By |2017-01-06T07:09:38-06:00January 22nd, 2017|Categories: DUI and DWI|0 Comments

What is Consent of Surety?

A surety is a person or firm (such as a bank, bonding company, insurance company) that agrees to be primarily liable for the conduct, obligation, or performance of another. The surety who pays the debt of a borrower-in-default, in general, automatically acquires an assignment of a creditor's legal right to recover the amount paid from the borrower. Federal law defines Consent of Surety (sometimes referred to as an Agreement to Bond) as the consent a contracting party must receive from the surety on changes made to an initial contract. What is the need for Consent of Surety? A Consent of Surety is a written document that you may get from your bail-bonding agent. However, bail-bonding agents are not required to give you a Consent of Surety. If you cannot get a Consent of Surety, you may be required to post a new bond. You may need a Consent of Surety

By |2017-01-06T07:07:38-06:00January 19th, 2017|Categories: Glossary Definitions|0 Comments

What is a Felony?

According to Merriam Webster Dictionary, In US law, a felony is typically defined as a crime punishable by a term of imprisonment of not less than one year or by the death penalty. Misdemeanors, in contrast, are often defined as offenses punishable only by fines or by short terms of imprisonment in local jails. In addition to felonies and misdemeanors there is a third category referred to as a Petty Offence. Petty offenses are sometimes called violations and are usually punished by a fine with no jail time. Often times they are handled by magistrates in municipal courts and the entire process typically takes no longer than a day. A defendant is notified that he's being charged with a petty offense by issuance of a ticket, which specifies the court date and the fine that will be judged. Jury trials are not available for petty offenses. Originally, in English law,

By |2017-01-06T07:06:07-06:00January 16th, 2017|Categories: DUI and DWI|0 Comments

What are the College Station DUI laws?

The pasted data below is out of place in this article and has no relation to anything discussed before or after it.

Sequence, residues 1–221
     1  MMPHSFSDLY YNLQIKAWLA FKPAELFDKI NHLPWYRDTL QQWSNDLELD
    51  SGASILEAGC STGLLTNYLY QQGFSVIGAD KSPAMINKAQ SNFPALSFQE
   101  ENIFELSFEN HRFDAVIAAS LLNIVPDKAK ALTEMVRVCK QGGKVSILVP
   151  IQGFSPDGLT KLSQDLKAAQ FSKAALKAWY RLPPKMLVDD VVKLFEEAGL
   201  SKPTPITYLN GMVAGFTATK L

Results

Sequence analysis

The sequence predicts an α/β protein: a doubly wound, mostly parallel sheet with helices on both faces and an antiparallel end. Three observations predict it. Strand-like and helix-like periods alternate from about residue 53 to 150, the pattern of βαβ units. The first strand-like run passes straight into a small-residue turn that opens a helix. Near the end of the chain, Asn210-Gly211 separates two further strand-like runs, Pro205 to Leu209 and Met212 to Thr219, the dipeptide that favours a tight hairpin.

Each State within the United States has been given the authority to write their own laws in regards to Driving Under the Influence, or better known as DUI. Texas enforces a strict zero tolerance law when it comes to DUI’s and prohibits drivers under 21 years old from having any detectable amount of alcohol in their system. Police officers in the College Station area are very aggressive in charging college students for this type of offense and have taken a “Take No Prisoners” approach to dealing with this very serious offence. The consequences of a conviction for an underage alcohol-related driving offense are severe. They can follow you throughout your college career and beyond, with the potential to limit your graduate, employment, loan and housing opportunities. While under the influence of alcohol or drugs your vision, reasoning, along with your mental capacity to make important decisions and judgments are severely

By |2017-01-06T07:04:11-06:00January 13th, 2017|Categories: DUI and DWI|0 Comments

Can I get a DUI if I’m parked?

 To keep it simple, yes you can. When an officer sees someone in his or her car, even if it is not moving, and he or she makes the determination that this person had the intent to drive, he or she may end up being cited for DUI. Although by law, circumstantial evidence is required. Circumstantial Evidence for a DUI while parked The law demands proof of your volitional movement of a car before being convicted of a DUI, though circumstantial evidence is sufficient to establish this vital element. Circumstantial evidence that may prove you were driving include: Warm engine Warm tires Keys in the ignition Car in the middle of the roadway Vehicle damaged and next to the scene of an accident Gear is in drive Your failure to explain the absence of an alternate driver if you deny being the driver or to give a credible explanation of where the driver is or the driver’s

By |2017-01-06T07:01:34-06:00January 9th, 2017|Categories: DUI and DWI|0 Comments

Can I get a DUI for driving a boat?

Every state and the federal government have laws against Boating Under the Influence ('BUI') that allow law enforcement officials to stop boats and other watercraft, and make sure that boat operators and their passengers are safe enough to be allowed on the water. The power to make and enforce BUI laws is left up to each state. BUI laws are much like driving under the influence (DUI) laws that were enacted to help keep drivers, passengers, and the community safe. Operators who have a blood alcohol concentration of 0.08% percent or greater are considered intoxicated. Being charged with a BUI can have serious financial consequences, and can put your legal freedom at stake. Much like being charged with a DUI you could have a criminal record, face jail time, incur heavy monetary fines, and face increased boater and auto insurance rates. Why are BUI laws important? BUI regulations exist to

By |2017-01-06T06:59:44-06:00January 7th, 2017|Categories: DUI and DWI|0 Comments